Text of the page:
- Print Culture and the First Yoruba Novel: I. B. Thomas’s ‘Life Story of Me, Sẹgilọla’ and other texts by Karin Barber
This exciting book takes us right to the moment when a new literary genre was born. Between 1929 and 1930 the Lagosian newspaper Akede Eko (Lagos Herald) published a series of letters from a dying ex-prostitute, Sẹgilọla. She had married a loving and indulgent husband, but after her wedding she entertained a clutch of besotted paramours, then ran off with a wealthy businessman to the Gold Coast. She returned to Lagos upon her mother’s death, and, lacking her constraining influence, she entered into a life of ‘promiscuity and debauchery’. It was at the end of her life that she wrote her life story for Akede Eko. Her eyes have swollen, an invasive worm infests every inch of her skin, pus streams from both nostrils, and she is ‘almost starving in the middle of the city where I was born’ (p. 131). She narrates her life story, she says, in order to enable readers to ‘learn from my example, wretched woman that I am, for the reformation of your own journeys through life’ (p. 207).
Sẹgilọla’s life story caused a stir. One generous reader donated ten shillings towards Sẹgilọla’s maintenance. Another asked the newspaper’s editor for a photograph of Sẹgilọla in her humiliated state, for it would allow him to say, ‘Come and see the results of promiscuity or loose living–see the person in disgrace!’ (p. 353). Such was the interest in Sẹgilọla’s life story that, in 1930, the editor published it as a book, entitled (in translation) The Life Story of Me, ‘Sẹgilọla of the Fascinating Eyes’, She Who Had a Thousand Lovers in Her Life.
All of it was fiction, composed by Isaac Babalọla Thomas, editor and proprietor of Akede Eko. Over the course of many years he disguised his authorship of Sẹgilọla’s life story, presenting himself as her copy-editor and publisher. In this edition, Karin Barber shows us how Thomas worked up the literary energy to compose this, the first novel written in the Yoruba language. There is a translation of the text, in all its enriching complexity; a collection of the letters and editorials occasioned by Sẹgilọla’s appearance in the newspaper; a copy of the rather plain English translation that Thomas published in 1931 and 1932; and a wonderfully illuminating introduction from Barber herself, which sets Sẹgilọla and Thomas firmly within the Lagos of the late 1920s. The book is a remarkable work of scholarly industry, the fruit of many years of concentrated, difficult labour, and a characteristically generous gift to Yoruba readers and to scholars and students of African literature.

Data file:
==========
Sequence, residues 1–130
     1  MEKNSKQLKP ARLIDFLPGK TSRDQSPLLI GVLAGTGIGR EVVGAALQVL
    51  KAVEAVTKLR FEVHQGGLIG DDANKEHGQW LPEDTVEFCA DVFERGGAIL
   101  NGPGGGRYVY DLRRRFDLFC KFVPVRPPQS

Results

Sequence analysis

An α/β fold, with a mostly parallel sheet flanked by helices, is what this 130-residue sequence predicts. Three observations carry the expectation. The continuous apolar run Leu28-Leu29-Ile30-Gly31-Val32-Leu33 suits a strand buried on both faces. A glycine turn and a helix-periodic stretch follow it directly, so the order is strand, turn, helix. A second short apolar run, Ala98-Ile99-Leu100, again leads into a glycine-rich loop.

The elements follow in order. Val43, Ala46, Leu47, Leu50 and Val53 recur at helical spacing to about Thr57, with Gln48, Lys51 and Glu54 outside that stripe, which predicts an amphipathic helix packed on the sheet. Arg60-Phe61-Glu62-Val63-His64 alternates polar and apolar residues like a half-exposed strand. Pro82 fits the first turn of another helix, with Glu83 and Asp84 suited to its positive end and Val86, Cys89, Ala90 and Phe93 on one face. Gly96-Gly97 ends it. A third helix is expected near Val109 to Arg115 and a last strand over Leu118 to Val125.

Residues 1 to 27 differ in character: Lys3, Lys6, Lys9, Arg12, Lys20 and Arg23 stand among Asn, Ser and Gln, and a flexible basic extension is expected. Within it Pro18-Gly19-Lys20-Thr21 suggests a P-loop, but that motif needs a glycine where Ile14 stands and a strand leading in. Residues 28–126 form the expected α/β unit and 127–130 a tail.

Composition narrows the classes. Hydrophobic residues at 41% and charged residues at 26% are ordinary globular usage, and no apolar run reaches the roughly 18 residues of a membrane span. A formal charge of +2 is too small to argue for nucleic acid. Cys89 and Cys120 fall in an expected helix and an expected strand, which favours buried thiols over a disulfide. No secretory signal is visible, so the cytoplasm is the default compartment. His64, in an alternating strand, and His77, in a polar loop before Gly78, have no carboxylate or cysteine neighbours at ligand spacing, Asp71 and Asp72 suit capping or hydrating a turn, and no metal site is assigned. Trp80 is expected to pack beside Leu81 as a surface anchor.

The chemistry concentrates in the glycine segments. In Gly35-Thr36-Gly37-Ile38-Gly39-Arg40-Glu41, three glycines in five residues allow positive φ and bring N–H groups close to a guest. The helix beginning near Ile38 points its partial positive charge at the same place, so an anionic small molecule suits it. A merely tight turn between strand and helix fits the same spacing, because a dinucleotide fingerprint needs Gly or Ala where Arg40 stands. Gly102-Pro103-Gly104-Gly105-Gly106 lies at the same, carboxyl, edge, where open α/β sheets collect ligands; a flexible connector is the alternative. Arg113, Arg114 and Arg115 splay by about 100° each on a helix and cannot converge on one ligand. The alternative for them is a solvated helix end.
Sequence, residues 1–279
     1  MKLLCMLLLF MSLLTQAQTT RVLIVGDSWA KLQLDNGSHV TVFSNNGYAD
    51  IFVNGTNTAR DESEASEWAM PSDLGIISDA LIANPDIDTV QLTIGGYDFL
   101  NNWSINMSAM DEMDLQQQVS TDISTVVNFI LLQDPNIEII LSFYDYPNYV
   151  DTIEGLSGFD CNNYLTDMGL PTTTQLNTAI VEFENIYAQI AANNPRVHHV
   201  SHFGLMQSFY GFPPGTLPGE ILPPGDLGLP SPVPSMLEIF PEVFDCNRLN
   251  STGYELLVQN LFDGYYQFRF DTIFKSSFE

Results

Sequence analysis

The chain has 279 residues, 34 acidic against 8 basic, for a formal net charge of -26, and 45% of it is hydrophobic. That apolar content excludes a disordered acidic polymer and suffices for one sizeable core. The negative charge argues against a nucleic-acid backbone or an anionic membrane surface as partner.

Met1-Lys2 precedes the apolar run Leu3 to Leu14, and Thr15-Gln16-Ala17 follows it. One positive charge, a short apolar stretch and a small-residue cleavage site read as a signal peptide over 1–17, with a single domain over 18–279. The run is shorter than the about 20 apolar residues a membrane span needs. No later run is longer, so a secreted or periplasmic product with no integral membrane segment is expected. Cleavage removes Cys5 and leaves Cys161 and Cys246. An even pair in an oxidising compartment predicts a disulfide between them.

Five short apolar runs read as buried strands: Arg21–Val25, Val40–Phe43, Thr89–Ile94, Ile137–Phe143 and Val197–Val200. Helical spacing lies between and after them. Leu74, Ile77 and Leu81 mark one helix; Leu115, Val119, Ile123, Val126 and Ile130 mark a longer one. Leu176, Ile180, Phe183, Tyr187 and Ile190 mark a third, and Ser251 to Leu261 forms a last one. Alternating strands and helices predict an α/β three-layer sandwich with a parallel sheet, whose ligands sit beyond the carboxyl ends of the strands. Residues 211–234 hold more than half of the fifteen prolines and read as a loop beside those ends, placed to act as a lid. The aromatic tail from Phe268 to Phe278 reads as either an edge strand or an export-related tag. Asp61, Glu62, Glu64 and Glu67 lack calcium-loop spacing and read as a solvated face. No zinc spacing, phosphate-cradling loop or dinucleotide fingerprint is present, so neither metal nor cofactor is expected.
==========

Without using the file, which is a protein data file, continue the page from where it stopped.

I. B. Thomas wrote fiction in order to instruct, guide and reform his readers. We are never given access to Sẹgilọla’s interior self, nor is there an omniscient narrator who can move seamlessly between settings and characters. Sẹgilọla is, as Barber argues, an archetype: her narrative is that of public discourse. Her life story is structured around a set of formulaic texts that were circulating in Lagos in the 1920s. In one passage, she inserts her name into Psalm 51, making it into a lament concerning her own sinfulness (p. 253). In several places – thirty-eight in all – she quotes songs that were then on the lips of Lagosians. Thomas’s book was, Barber argues, a ‘feast of popular, shared culture’ (p. 74). It was a shared culture that was only then coming into being. In the late nineteenth and early twentieth centuries, political life had been dominated by Lagos’s Saro elite, who jealously identified themselves with their British rulers in order to distinguish themselves from up-country commoners. But during the 1920s, elites...